North Blenheim in Schoharie County, New York — The American Northeast (Mid-Atlantic)
bridge in world. Built by
Blenheim Bridge Company,
Incorporated 1828. Last of
its kind in this region.
Erected 1936 by New York State Education Department.
Topics and series. This historical marker is listed in these topic lists: Bridges & Viaducts • Notable Buildings • Roads & Vehicles. In addition, it is included in the Covered Bridges series list. A significant historical year for this entry is 1828.
Location. 42° 28.386′ N, 74° 26.445′ W. Marker is in North Blenheim, New York, in Schoharie County. It is in . Marker is at the intersection of New York State Route 30 and Eastside Road, on the right when traveling north on State Route 30. Touch for map. Marker is in this post office area: North Blenheim NY 12131, United States of America. Touch for directions.
Other nearby markers. At least 8 other markers are within walking distance of this marker. Old Blenheim Bridge (within shouting distance of this marker); a different marker also named Blenheim Bridge (about 400 feet away, measured in a direct line); The Creation (about 600 feet away); The Floods (about 600 feet away); The Life (about 600 feet away); The Re-Creation (about 600 feet away); a different marker also named Old Blenheim Bridge (about 600 feet away); Indian Trail (approx. 0.8 miles away). Touch for a list and map of all markers in North Blenheim.
Regarding Blenheim Bridge. The Old Blenheim Bridge was located in the Town of Blenheim on State Route 30 in North Blenheim, Schoharie County, New York. It spanned the Schoharie Creek and was "double-barreled" or had two separate lanes. At 232 feet in length between the stone abutments, this bridge had the unique distinction of being "the longest covered single span wooden bridge in the world" and was one of only six remaining bridges in the world with two separated lanes. It was constructed of Long truss with a center arch. The bridge was built in 1854-5 by Nicholas M. Powers under contract for the Blenheim Bridge Company (inc. 1828) as a toll bridge and retired from use in 1931, and it was named a National Historic Engineering Landmark, as well as a National Historic Landmark, 1935.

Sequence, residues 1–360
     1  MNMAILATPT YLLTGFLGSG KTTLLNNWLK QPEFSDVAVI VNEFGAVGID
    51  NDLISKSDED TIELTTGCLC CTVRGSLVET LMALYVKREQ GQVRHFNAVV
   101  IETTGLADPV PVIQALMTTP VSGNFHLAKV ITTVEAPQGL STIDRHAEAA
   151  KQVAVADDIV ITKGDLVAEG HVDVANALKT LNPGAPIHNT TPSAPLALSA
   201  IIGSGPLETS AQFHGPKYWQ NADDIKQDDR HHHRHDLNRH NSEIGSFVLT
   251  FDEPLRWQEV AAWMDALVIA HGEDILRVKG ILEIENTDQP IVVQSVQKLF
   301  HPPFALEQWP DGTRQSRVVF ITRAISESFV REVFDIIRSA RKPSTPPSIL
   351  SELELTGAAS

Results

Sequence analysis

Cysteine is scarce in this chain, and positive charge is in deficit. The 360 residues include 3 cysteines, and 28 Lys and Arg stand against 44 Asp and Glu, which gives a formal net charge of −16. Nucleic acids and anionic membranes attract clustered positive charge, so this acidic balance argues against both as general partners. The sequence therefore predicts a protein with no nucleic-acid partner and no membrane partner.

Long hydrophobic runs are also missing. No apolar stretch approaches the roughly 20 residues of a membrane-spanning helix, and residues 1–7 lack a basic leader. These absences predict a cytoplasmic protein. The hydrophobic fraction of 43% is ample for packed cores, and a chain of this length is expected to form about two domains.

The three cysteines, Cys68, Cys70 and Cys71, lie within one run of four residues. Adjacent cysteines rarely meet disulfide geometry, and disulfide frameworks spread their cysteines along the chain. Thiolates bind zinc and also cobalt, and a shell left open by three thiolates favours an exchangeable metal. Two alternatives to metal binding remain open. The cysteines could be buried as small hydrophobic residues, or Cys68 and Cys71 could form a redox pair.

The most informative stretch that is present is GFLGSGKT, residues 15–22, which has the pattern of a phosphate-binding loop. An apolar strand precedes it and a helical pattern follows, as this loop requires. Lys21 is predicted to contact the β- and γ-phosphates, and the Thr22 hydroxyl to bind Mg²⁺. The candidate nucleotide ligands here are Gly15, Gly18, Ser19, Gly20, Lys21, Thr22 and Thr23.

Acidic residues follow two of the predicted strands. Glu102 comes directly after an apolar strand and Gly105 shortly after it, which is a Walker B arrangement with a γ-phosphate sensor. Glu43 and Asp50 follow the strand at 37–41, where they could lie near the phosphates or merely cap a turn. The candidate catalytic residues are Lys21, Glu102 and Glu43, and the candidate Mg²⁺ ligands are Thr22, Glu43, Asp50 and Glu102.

It's interesting to note that the bridge was not built in place over the Schoharie Creek as most folks would imagine, but
Local lore has it that while the stone abutments were being built one of the masons was sent to fetch a jug of whiskey. Before they got a chance to open the jug and imbibe, the president of the bridge company, J. Dickinson, who was a "teetotaller" (it's an archaic term by today’s standard, a tetotallar being someone who practices and promotes the complete abstinence from alcoholic beverages) arrived unannounced to inspect the progress of the bridge. The masons were forced to hastily hide the jug in the first available spot which happened to be a niche in the abutment. As work proceeded at a quicker pace under the eagle eye of the company president, who wouldn't leave, the masons were forced to build up the stonework around the jug before it was rescued, and supposedly it remains there to this day.